Peking duck’s burnished skin, succulent flesh, and distinctive presentation made it an imperial court dish. Back in the day, only the emperors and their courtiers had the chance to savor it. Since then, it’s become available for every foodie, no matter where they stand in the social hierarchy. Moreover, it emerged as one of Beijing’s emblems, with both locals and tourists favoring it. Luckily, it’s not only limited to chefs from the capital who have mastered the art of roasting a superb Peking duck. Read on to learn about the best places for Peking duck in Macau.
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When it comes to Northern Chinese cuisine, Beijing Kitchen at Grand Hyatt Macau is one of our favorites. And it’s not just us–nothing proves its success in a more compelling way than the fact it’s been operating since 2009. A cozy interior with old Beijing photos, Chinese pottery on the shelves, brick walls, and an open kitchen makes this restaurant so embracing and easy to come back to.
But we mostly love it for the food, of course, starting from the comfort options like pan-fried dumplings and zha jiang noodles to celebratory dishes such as Mandarin fish in sweet and sour sauce and the one and only Peking duck–sourced directly from Beijing. After they arrive at Beijing Kitchen’s cooking station, the chef takes five steps to prepare it before roasting: meticulous cleaning from the inside, inflating with an air system, coating with sugar, and hanging them on hooks. The chef evenly pours boiling water and leaves it for some hours to rest to ensure the duck’s skin is crispy and not too oily when cooked.
When the duck is ready, it goes inside the traditional jujube wood oven preheated to the particular temperature. By carefully controlling the temperature during the roast, the chef guarantees that the cooking goes as it should–duck fat slowly melts and makes the flesh soft and juicy. As soon as the duck is cooked, the chef will bring it to your table and carve it in front of you. Served with traditional pancakes, julienned veggies, sugar, soybean, and garlic sauces, this Peking duck is a dish to remember!
A culinary treasure of MGM Macau, Imperial Court serves Cantonese traditions and dishes with modern interpretation under the careful management of chef de cuisine Homan Tsui. With 20 years of experience and profound expertise in Chinese cooking methods, chef Homan will be your guide into the diverse world of Cantonese cuisine. Among his most impressive creations are courses like wok-fried French blue lobster with minced pork, black bean, and garlic; crispy skin chicken with flaxseeds; steamed pork dumpling with fish maw.
Apart from the sumptuous fare that will tantalize your taste buds, expect the feast for your eyes too. From the ornamental column with a carved dragon in the middle of the dining room to the exquisite Liuli tableware and vibrant colors, every detail here tells a story of Chinese heritage and folklore.
To cook a flawless Peking duck, chef Homan selects the best Guangdong rice-fed ducks. Then, he marinates them with nutmeg, organic black garlic, and sesame powder for eight hours. To achieve the golden brown crispiness, the duck goes through air-drying and oil-pouring. After that, the duck is ready for the roast. When ready, the chef will bring the magnificent course to the table and serve it in two ways.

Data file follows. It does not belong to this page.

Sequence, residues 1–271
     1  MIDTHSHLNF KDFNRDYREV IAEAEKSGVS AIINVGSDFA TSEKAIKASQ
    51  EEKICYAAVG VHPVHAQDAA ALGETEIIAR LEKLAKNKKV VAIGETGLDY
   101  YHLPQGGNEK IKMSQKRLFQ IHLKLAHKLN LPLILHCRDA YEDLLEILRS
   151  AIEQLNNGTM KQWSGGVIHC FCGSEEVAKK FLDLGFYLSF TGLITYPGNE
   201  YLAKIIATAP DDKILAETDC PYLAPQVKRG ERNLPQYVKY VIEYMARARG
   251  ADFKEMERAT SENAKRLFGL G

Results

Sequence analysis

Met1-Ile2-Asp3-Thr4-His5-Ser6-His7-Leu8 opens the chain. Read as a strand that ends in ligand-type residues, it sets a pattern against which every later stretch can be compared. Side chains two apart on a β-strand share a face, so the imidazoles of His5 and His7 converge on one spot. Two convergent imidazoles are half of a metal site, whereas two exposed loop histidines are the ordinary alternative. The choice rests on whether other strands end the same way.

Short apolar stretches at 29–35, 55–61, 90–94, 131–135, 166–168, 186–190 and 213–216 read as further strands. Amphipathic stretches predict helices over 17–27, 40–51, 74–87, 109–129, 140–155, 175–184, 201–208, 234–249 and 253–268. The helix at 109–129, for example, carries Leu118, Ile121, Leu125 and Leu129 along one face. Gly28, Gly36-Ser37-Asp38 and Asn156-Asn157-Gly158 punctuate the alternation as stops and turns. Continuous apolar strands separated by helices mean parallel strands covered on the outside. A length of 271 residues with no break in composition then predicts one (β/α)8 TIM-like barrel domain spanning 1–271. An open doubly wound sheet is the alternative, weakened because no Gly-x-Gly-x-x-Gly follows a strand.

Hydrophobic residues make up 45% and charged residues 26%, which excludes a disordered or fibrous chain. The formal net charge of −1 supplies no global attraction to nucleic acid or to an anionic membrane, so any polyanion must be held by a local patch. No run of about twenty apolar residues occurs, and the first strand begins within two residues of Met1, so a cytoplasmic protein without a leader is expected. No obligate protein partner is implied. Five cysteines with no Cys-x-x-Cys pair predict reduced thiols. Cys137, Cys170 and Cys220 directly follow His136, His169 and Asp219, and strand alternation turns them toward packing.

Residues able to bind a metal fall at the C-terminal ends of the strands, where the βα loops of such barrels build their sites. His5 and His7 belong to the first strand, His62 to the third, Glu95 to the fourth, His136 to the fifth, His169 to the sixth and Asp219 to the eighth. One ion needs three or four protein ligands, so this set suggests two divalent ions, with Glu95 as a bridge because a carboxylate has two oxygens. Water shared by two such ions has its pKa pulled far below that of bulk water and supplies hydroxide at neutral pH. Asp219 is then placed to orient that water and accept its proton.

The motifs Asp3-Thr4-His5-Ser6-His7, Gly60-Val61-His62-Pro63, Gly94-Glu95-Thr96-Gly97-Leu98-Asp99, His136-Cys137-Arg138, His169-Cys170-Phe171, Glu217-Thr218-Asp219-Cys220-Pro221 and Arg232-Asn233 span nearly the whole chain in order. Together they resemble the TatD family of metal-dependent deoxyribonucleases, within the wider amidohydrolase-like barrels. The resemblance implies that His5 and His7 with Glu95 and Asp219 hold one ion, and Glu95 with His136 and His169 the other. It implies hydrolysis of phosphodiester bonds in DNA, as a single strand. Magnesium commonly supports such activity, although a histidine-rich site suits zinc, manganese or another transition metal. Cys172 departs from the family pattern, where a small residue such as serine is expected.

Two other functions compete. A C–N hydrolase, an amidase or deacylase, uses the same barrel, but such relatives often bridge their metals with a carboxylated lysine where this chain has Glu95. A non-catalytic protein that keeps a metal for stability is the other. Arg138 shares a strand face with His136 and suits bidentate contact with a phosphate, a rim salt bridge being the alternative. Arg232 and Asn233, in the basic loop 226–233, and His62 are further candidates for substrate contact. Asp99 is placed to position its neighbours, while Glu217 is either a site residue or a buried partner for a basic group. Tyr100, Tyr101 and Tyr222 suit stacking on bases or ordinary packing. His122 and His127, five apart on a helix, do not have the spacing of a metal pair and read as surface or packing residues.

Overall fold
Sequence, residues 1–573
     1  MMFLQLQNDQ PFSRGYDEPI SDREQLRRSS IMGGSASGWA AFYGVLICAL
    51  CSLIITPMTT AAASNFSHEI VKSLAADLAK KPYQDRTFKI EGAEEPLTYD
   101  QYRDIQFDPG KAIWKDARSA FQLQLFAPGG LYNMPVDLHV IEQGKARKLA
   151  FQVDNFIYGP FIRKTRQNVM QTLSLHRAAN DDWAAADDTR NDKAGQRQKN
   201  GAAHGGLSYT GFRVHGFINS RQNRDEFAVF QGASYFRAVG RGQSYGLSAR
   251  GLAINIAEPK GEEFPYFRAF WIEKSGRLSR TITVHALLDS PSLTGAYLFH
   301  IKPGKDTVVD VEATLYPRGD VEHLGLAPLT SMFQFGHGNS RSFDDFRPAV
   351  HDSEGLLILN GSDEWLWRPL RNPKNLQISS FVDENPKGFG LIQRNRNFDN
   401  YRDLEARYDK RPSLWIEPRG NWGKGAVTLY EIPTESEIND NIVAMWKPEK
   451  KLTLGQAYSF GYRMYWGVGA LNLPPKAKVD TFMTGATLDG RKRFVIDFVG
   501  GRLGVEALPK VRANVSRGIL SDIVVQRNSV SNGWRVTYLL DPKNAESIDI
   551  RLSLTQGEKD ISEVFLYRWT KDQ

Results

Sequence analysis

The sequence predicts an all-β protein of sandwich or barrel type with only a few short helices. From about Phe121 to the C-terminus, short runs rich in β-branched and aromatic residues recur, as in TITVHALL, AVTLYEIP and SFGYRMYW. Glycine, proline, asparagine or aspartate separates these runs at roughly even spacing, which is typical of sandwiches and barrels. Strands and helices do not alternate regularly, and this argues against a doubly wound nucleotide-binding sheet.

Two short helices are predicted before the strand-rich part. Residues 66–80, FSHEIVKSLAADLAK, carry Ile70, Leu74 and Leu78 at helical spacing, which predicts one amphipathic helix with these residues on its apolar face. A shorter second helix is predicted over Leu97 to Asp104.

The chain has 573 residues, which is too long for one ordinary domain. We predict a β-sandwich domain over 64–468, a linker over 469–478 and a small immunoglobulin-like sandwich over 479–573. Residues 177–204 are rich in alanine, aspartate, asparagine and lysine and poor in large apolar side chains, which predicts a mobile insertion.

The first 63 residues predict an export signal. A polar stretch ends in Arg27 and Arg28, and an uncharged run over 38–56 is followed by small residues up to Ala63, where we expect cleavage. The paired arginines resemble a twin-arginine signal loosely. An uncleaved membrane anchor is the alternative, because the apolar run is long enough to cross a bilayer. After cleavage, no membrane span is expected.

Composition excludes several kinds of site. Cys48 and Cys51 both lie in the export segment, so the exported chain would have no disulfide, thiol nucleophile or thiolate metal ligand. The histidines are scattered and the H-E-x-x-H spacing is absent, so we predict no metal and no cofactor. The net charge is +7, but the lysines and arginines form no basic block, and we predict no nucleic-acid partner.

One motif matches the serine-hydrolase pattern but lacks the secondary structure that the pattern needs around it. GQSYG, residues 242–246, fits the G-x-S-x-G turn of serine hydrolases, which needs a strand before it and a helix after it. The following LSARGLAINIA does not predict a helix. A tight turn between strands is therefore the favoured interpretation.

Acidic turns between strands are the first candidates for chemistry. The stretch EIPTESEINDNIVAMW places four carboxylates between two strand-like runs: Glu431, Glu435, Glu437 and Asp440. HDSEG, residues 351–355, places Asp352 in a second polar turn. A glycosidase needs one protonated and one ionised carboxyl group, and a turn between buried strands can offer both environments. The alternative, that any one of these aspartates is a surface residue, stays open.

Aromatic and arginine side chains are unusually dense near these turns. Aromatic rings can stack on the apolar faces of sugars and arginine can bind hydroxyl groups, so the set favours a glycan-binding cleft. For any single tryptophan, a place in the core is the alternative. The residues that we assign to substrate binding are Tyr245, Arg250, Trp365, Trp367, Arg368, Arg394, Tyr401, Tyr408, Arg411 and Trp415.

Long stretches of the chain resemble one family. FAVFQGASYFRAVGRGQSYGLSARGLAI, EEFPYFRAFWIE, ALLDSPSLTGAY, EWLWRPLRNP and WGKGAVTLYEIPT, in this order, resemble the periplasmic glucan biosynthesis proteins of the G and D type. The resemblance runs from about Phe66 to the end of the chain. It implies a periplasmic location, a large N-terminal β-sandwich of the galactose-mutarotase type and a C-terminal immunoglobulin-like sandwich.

We love decent restaurants. But you know what we love even more? New decent restaurants! The Londoner Macao’s first venues started opening at the beginning of 2021. Gradually more and more places got inaugurated throughout the year. One of them is North Palace, the house of Shandong, Beijing, and Inner Mongolian cuisine. Influenced by the Chinese mansion’s interiors, North Palace features elements inherent to Chinese traditions–classic patterns, wall art, and symbolism. Notably, Northern Chinese dishes here are cooked by chefs from the same region.
Peking duck is one of North Palace’s signature dishes, a recipe that dates back to the Imperial era. It is roasted in a lychee wood-burning oven which gives the poultry a distinctive aroma. Dip perfectly crispy skin in sugar or with a sesame bun, and enjoy the tender meat wrapped in a pancake with special sauces.
The Eight at Grand Lisboa has many attributes to surprise even the most sophisticated diners. We mean their three Michelin star, awe-inspiring interiors with traditional Chinese symbols such as golden fish and number eight to the hospitable staff and the chef’s excellent skills. The Eight’s lunch menu features more than 40 types of dim sum, masterfully executed but also looking cute. Notably, their wine cellar stores over 17,000 labels! Undoubtedly, dinner here will become a highlight of your trip to Macau or a memorable night if you come here to celebrate a special occasion.
The Eight serves Cantonese and Huaiyang cuisine. Opt for the tasting menu with wine pairing if you wish to immerse into a 360-degree gastronomy pleasure. Should you pick your dishes from a la carte, don’t miss out on their pleasantly affordable Peking duck, an epitome of The Eight’s kitchen mastery.
Zi Yat Heen
Four Seasons Macau is one of the icons of luxury and impeccable hospitality in the city. No wonder it hosts one of the best Chinese restaurants in town, Zi Yat Heen. Boasting several prestigious awards, including one Michelin star, Zi Yat Heen is the haven of authentic Cantonese food housed in the elegant setting with a glass wine case in the middle of the dining hall.
The menu is almost exclusively Cantonese with masterpieces like crispy crab claw with shrimp mousse and baked abalone puff with diced chicken. However, the chef found a spot in it for the all-time classic Peking duck is. If you are coming here with friends or family, Zi Yat Heen’s crispy duck is a perfect dish to share.